Prithviraj Chauhan was the valiant king of the Chauhan dynasty during the medieval period of Indian history. Read here to know more about his heroic life.
Prithviraj III or Prithviraj Chauhan or Rai Pithora was the king of the Chauhan or Chahamana dynasty who ruled from the present-day Ajmer and later Delhi (Dhillika) as well.
Historically, Prithviraj Chauhan has an image of a fearless and noble warrior whose life is mostly traced from the famous poem, Prithviraj Raso. The poem is written by Chand Bardai in the 16th century in Brajbhasha.
Despite being a celebrated hero, not much is known of his life as there are concrete descriptions written down about him. Most of the knowledge about his life comes from later inscriptions derived from various poems.
Besides the Muslim accounts of Battles of Tarain, he has been mentioned in several medieval kavya or epic poems by Hindu and Jain authors. These include Prithviraja Vijaya, Hammira Mahakavya, and Prithviraj Raso.
Other chronicles and texts that mention Prithviraj include Prabandha-Chintamani, Prabandha Kosha, and Prithviraja Prabandha. These were composed centuries after his death, and contain exaggerations.
The early life of Prithviraj Chauhan
The Chahamanas or Chauhan dynasty of Ajmer rose to power after the decline of the Gurjara Pratihara Empire in the 11th century CE.
Prithviraj was born to the Chahamana king Someshvara and queen Karpuradevi (a Kalachuri princess) in 1166 CE. Both Prithviraj and his younger brother Hariraja were born in Gujarat, where their father Someshvara was brought up at the Chalukya court by his maternal relatives.
Prithviraj’s father, Someshvara was crowned the Chahamana king after the death of Prithviraja II. Someshvara died in 1177 CE when Prithviraj was about 11 years old.
Prithiviraj who was a minor at that time ascended the throne with his mother as regent. During his early years, his mother managed the administration.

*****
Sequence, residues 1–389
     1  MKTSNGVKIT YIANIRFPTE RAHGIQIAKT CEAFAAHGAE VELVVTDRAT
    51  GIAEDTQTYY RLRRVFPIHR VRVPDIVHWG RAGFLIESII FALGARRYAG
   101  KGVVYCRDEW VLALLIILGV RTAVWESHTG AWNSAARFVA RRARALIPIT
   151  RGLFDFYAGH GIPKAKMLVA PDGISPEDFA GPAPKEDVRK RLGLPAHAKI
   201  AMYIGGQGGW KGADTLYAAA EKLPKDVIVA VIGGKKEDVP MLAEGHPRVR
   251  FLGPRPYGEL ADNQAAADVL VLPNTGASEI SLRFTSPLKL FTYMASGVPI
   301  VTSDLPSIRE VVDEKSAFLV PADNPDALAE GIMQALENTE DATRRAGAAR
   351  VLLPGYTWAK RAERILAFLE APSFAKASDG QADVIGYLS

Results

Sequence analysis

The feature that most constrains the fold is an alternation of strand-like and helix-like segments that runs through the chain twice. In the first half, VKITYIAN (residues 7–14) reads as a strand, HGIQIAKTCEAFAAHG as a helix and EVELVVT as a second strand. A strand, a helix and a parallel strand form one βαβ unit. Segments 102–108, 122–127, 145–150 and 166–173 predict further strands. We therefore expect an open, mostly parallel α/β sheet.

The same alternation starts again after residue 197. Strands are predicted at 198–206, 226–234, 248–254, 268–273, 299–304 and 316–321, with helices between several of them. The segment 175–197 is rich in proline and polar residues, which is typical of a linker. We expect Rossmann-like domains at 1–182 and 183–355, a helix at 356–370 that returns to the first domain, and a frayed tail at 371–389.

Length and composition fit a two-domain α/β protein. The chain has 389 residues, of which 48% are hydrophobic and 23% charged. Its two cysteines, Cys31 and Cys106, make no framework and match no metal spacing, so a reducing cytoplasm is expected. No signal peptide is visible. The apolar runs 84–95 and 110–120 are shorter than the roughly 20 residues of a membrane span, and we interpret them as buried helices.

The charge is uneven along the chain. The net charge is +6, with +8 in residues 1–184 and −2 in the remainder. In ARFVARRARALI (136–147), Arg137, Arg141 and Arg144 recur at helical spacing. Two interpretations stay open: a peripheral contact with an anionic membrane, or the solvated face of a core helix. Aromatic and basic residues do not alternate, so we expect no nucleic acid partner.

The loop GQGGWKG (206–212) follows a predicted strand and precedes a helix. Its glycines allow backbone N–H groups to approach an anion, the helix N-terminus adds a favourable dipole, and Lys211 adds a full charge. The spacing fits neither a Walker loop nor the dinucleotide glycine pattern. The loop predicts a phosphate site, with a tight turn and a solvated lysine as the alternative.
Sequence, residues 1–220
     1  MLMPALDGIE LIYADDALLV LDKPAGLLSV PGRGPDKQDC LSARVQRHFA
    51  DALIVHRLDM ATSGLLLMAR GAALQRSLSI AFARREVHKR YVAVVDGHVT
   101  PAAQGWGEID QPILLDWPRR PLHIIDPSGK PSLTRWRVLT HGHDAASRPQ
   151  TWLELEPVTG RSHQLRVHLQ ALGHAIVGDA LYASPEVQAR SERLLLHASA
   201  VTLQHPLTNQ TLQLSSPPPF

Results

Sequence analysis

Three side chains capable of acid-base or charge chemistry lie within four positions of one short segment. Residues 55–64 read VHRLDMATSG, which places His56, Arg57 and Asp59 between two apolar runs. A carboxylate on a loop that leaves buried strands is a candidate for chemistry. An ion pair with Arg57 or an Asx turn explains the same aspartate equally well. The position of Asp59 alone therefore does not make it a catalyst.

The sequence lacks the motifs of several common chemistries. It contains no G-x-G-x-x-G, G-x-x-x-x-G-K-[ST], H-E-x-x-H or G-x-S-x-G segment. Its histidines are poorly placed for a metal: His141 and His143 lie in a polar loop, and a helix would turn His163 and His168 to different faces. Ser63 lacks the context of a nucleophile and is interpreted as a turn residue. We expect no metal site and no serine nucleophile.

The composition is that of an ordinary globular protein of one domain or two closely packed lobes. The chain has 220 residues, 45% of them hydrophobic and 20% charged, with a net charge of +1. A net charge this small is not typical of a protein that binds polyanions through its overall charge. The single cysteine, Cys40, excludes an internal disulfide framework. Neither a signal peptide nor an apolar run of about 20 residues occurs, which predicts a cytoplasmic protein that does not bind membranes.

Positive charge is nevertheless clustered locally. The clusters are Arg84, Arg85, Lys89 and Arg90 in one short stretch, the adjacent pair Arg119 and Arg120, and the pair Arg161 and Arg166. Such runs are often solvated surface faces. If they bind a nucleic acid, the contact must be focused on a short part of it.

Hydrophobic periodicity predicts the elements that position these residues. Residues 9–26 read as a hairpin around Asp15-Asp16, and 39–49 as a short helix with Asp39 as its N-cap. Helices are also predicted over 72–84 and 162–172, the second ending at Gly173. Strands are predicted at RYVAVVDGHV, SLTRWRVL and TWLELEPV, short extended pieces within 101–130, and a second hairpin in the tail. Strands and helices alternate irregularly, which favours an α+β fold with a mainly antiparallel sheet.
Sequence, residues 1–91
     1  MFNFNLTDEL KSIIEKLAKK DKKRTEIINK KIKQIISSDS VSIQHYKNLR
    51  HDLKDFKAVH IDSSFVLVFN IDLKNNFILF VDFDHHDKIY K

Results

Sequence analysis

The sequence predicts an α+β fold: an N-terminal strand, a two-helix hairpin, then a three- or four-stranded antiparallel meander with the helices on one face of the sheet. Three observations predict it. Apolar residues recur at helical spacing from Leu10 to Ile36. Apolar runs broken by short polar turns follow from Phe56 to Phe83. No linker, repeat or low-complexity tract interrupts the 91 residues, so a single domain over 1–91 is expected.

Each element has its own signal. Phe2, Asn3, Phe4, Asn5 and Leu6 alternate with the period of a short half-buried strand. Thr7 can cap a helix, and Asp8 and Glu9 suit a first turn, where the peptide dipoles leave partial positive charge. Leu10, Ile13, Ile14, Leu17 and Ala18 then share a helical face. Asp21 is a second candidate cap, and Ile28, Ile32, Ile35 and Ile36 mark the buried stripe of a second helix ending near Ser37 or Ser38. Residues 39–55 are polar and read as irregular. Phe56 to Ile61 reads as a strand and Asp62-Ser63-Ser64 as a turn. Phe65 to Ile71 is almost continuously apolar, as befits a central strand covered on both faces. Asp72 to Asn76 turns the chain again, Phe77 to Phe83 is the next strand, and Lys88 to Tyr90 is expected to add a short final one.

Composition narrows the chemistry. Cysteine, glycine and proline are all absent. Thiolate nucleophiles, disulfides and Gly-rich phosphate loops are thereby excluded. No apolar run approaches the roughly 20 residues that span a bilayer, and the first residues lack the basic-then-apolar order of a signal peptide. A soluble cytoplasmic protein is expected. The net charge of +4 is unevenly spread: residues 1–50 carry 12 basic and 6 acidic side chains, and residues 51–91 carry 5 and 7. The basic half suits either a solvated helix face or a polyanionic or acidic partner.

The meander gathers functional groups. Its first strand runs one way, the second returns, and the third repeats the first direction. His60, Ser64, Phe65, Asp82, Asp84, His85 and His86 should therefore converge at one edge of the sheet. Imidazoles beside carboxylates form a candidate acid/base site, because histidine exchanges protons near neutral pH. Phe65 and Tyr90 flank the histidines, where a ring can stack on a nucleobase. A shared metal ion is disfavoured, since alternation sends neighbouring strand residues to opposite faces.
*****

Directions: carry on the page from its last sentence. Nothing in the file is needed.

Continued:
He took over the throne at the age of 16 and started his conquests also at that time. He quelled a rebellion by his cousins who came from the rival branch of the family.
- Prithviraj’s first military victory was the suppression of a revolt led by his cousin Nagarjuna and the recapture of Gudapura.
- Nagarjuna was Prithviraj’s uncle Vigraharaja IV’s son, and the Chahamana throne struggle sparked a feud between the two branches of the family.
At its height, Prithviraj Chauhan’s empire stretched from the Himalayan foothills in the north to the foothills of Mount Abu in the south.
- The empire stretched from the Betwa to the Sutlej rivers.
- His empire included what is now Rajasthan, western Uttar Pradesh, northern Madhya Pradesh, and southern Punjab in modern times.
Prithviraj had a dedicated ministry for scholars and poets, which was under the charge of Padmanabha. His court had several poets and scholars, including:
- Jayanaka, a poet-historian who wrote Prithviraja Vijaya
- Vidyapati Gauda
- Vagisvara Janardana
- Vishvarupa, a poet
- Prithvibhata, a royal bard (identified as Chand Bardai by some scholars)
He fought a series of wars with his neighboring Rajput kingdoms.
War against Chandelas: Battle of Mahoba
In 1182-83, Prithviraj Chauhan invaded the Jejabhukti (Bundelkhand) which was ruled by Chandela king Paramardi. He took the capital of Mahoba, but it is debatable whether he just sacked the capital for a short while or captured it.
Wars with Gujarat:
In 1187 CE, Prithviraj attacked Gujarat which was ruled by Bhima II of the Chalukya/Solanki dynasty, who had already defeated Muhammad Ghori.
Several small struggles ensued between them but eventually, Bhima II defeated Prithviraj which later led to a peace treaty between them.
Conflict with Gahadavala:
The Gahadavala kingdom was ruled by the powerful Jayachandra who had his capital at Kanauj.
According to legend in Prithviraj Raso, Prithviraj eloped with Jayachandra’s daughter Samyogita leading to rivalry between the two kings.
This rivalry later proved costly for Prithviraj Chauhan in his conquest against the Ghurids.
War with the Ghurids:
The predecessors of Prithviraj Chauhan had faced numerous attacks and raids from the Islamic dynasties. The northwestern areas of the Indian subcontinent were captured by the Islamic dynasties by the 12th century.